The risks of overreach

    When politicians and movements overreach, they often pay the price. Consider these three fresh examples:In Ohio last night, the voters slaughtered the Republican right. They took a crowbar to the new state law – enacted by anti-union conservative lawmakers and signed by unpopular Republican Gov. John Kasich – which severely weakened the bargaining rights of public workers. In a swing state in the industrial heartland, and in landslide fashion, the voters sent the message that zealotry will not be tolerated.And besides saying no to union-bashing, they also signaled to the Democrats that it might just be possible to gin up enthusiasm for Barack Obama in 2012, bad economy notwithstanding. Off-year elections are not always reliable leading indicators, but organized labor demonstrated that it’s still capable of grinding out a highly effective ground game. Obama can’t win Ohio without it.The thumbs-down verdict on the Ohio law was a stark repudiation of the conservative jihad against unions – and no wonder, because the Ohio law was even more extreme than its more infamous Wisconsin counterpart. When Wisconsin Republicans targeted the state’s public unions earlier this year, with the goal of draining labor’s clout, they at least exempted the cops and firefighters. But there was no such exemption in Ohio, and that’s one big reason why the repeal referendum was so successful last night.The labor forces – with some backstage help from the Obama re-election team – effectively worked the cops-and-firefighters angle. In TV ads, they surmounted the GOP-driven stereotype of unionized public workers (pencil-pushing bureaucrats in hock to Big Labor bosses), and instead reminded viewers that many of these workers are neighbors who put out fires, keep people safe, make them healthier, and teach their kids.The Ohio law barred the public unions from bargaining on health coverage, pensions, and minimum staffing levels. That provision became an effective weapon in the TV ads. One featured a three-year-old kid who had just been rescued from a fire; the girl’s great-grandmother appeared in the ad and said, “I don’t want the politicians in Columbus making decisions for the firefighters, police, teachers, nurses or any organization that’s helping people. Fewer firefighters can mean the difference between life and death.”On the eve of the landslide repeal vote, the polls showed that even one-third of Ohio’s Republicans favored repeal. That’s what happens when ideologues overreach; typically, voters say, “Whoa, you guys have gone too far.” If nothing else, the Ohio referendum results might prompt Democrats and their liberal allies to shake off the doldrums and stoke more enthusiasm for 2012, by welding the conservative attacks on unions to the current populist groundswell for the little guy. Or at least give it a try.——-Meanwhile, in a marquee Mississippi referendum, anti-abortion zealots on the religious right egregiously overreached. They figured that voters in this deeply conservative state would be pumped to make history by agreeing to bestow full legal rights to a fertilized egg. (I am not making this up.) Such was the thrust of a proposed “personhood” amendment to the state constitution, decreeing that because a fertilized egg was a person, then, ipso facto, all abortions under all circumstances were acts of murder.This referendum was expected to pass handily, making Mississippi the first state to define zygotes as people. All the opinion surveys said it would pass; the joke in Mississippi is that the citizenry is so ardently “pro-life” that there’s no point in polling on the issue itself. And yet, when the votes were counted last night, the personhood movement was trounced – by 16 percentage points. Turns out, even the pro-lifers thought the measure was way too extreme. It was so extreme that all impregnated rape victims and women with life-threatening diseases would have been forced to give birth; women would have been barred from using IUDs and morning-after pills (which are designed to thwart a fertilized egg from being implanted in the uterus); and Mississippi doctors would have feared prosecution for saving the lives of women with ectopic pregnancies (which occur when fertilized eggs become lodged in the fallopian tubes). Mississippians said, “That goes too far.” The national personhood movement, which is powered by a conservative Christian ministry, vows to try again in other states next year. Given voters’ preference for incremental change, those new efforts are likely to fail as well. But that’s what happens when ideologues overreach.——-And speaking of overreaching, we still have Herman Cain. He spent much of yesterday sliming his most public female accuser. That was an odious tactic when Bill Clinton’s people used it in 1992 (James Carville: “Drag a hundred-dollar bill through a trailer park, you never know what you’ll find”), and it’s odious now.On the blog yesterday, I repeated what later proved to be an erroneous report (it had originated on MSNBC’s First Read website) that Cain had maligned Sharon Bialeck’s job credentials during a Monday stint on Jimmy Kimmel’s show. In truth, Cain had not maligned her on the show. My apologies, my bad. But as it turned out, I had merely spoken too soon – because yesterday Cain trashed Bialeck in an official campaign email. By the time he was done with her, Bialek was nothing more than a loser with no money, no stable family (she’s a single mom who had a paternity fight), and no real career. She had even held a lot of different jobs! In short, Cain declared at a subsequent press conference, Bialek is “a troubled woman.”And hey, maybe he figures that trashing women is the way to go, since it seemed to work so well for Clinton. The difference is that Clinton had rare political skills and a deep understanding of public policy. Cain knows squat, which is why he’s in danger of being defined by scandal and nothing more. Let’s see whether he overreaches with the next name-and-face female accuser, Karen Kraushaar, who’s due to weigh in quite soon. She appears to be successful at holding a job – she works in the Inspector General’s office at the U.S. Treasury – but surely Cain can find something that renders her “troubled.”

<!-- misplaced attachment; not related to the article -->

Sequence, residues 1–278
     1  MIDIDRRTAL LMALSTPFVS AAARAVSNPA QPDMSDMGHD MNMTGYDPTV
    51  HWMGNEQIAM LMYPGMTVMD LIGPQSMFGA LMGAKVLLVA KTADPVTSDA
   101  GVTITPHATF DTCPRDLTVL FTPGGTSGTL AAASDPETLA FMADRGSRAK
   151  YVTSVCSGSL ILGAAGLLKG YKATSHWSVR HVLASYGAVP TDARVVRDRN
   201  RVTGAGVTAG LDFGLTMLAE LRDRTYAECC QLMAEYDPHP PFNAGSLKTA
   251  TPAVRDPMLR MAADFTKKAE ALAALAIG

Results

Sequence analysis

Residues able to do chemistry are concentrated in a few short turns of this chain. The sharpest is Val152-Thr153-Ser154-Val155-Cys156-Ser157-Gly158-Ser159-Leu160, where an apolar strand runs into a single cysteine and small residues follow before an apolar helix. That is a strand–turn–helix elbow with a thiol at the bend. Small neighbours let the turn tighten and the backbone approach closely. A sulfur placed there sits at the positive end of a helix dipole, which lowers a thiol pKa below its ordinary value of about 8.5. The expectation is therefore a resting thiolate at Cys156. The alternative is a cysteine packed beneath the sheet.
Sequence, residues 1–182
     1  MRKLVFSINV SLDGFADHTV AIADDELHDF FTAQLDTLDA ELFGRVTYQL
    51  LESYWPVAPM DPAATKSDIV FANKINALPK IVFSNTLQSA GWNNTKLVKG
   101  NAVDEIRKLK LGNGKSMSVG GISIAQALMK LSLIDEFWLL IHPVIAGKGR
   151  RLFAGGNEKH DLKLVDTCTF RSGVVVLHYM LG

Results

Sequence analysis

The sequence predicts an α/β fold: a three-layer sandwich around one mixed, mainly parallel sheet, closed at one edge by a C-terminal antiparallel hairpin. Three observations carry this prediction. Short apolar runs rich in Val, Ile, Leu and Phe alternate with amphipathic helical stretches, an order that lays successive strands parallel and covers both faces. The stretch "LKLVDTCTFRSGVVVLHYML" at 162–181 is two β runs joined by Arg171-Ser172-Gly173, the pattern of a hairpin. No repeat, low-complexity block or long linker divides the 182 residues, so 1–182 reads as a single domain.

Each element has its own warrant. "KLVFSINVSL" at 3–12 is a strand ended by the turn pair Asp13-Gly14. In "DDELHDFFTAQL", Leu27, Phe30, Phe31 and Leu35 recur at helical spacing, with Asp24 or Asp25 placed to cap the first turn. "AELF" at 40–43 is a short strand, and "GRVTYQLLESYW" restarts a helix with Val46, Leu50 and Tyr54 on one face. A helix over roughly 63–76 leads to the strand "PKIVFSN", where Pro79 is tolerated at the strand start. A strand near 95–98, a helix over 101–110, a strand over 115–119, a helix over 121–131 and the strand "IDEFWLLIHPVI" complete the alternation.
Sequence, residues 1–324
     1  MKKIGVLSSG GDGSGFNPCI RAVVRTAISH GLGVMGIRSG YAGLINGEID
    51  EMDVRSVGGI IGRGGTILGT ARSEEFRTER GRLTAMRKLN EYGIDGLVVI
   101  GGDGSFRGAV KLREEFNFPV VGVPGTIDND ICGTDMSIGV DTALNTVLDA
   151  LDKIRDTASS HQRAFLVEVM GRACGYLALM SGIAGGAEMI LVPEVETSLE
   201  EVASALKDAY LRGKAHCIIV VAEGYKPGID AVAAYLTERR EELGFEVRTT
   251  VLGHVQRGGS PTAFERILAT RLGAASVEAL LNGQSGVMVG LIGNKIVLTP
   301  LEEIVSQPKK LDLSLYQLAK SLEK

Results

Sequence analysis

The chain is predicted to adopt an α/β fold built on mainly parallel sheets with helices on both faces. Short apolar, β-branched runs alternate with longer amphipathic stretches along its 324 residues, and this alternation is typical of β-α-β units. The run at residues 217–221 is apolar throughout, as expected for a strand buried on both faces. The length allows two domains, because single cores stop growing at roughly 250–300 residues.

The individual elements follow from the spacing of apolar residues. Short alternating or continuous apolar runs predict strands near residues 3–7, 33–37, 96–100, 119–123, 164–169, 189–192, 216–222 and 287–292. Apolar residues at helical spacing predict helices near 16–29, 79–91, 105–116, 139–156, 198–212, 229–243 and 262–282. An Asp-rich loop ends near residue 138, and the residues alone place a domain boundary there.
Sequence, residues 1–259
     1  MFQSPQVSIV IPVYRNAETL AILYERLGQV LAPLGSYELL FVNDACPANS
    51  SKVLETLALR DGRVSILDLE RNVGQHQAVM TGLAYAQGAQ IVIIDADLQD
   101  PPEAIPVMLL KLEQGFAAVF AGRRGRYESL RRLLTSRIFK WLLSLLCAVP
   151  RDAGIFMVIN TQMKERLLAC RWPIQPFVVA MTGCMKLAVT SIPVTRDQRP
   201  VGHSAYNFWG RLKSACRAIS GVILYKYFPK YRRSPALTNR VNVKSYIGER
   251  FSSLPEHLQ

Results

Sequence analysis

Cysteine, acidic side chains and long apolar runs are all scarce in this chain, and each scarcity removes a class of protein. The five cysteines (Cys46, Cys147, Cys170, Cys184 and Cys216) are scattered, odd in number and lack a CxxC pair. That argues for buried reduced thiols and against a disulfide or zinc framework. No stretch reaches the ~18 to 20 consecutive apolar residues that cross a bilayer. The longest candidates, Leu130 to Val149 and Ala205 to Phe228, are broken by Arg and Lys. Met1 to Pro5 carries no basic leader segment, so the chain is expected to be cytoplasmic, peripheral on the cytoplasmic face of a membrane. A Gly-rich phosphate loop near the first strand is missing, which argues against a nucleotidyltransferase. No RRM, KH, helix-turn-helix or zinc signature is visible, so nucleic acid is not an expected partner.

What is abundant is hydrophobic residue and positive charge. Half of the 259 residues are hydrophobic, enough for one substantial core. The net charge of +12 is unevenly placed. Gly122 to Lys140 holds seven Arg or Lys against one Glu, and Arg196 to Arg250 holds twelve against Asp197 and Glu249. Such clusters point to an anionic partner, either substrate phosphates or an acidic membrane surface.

And, yep, he found something. Sort of. Campaign manager Mark Block declared late yesterday on Fox News that Kraushaar is the mother of Politico reporter Josh Kraushaar…so connect those dots, America! The only problem was, (a) Josh Kraushaar left Politico in 2010, and (b) his mom is somebody else entirely. He is not even related to Karen Kraushaar. Kudos to the Cain spin team for giving us that episode of Amateur Hour.

    All told, Cain’s day of overreaching came to naught. As conservative blogger-activist Erick Erickson remarked on CNN, “I don’t think Herman was able to put this story to bed.”Erickson got that right – despite his…shall we say…unfortunate choice of words.——-Follow me on Twitter, @dickpolman1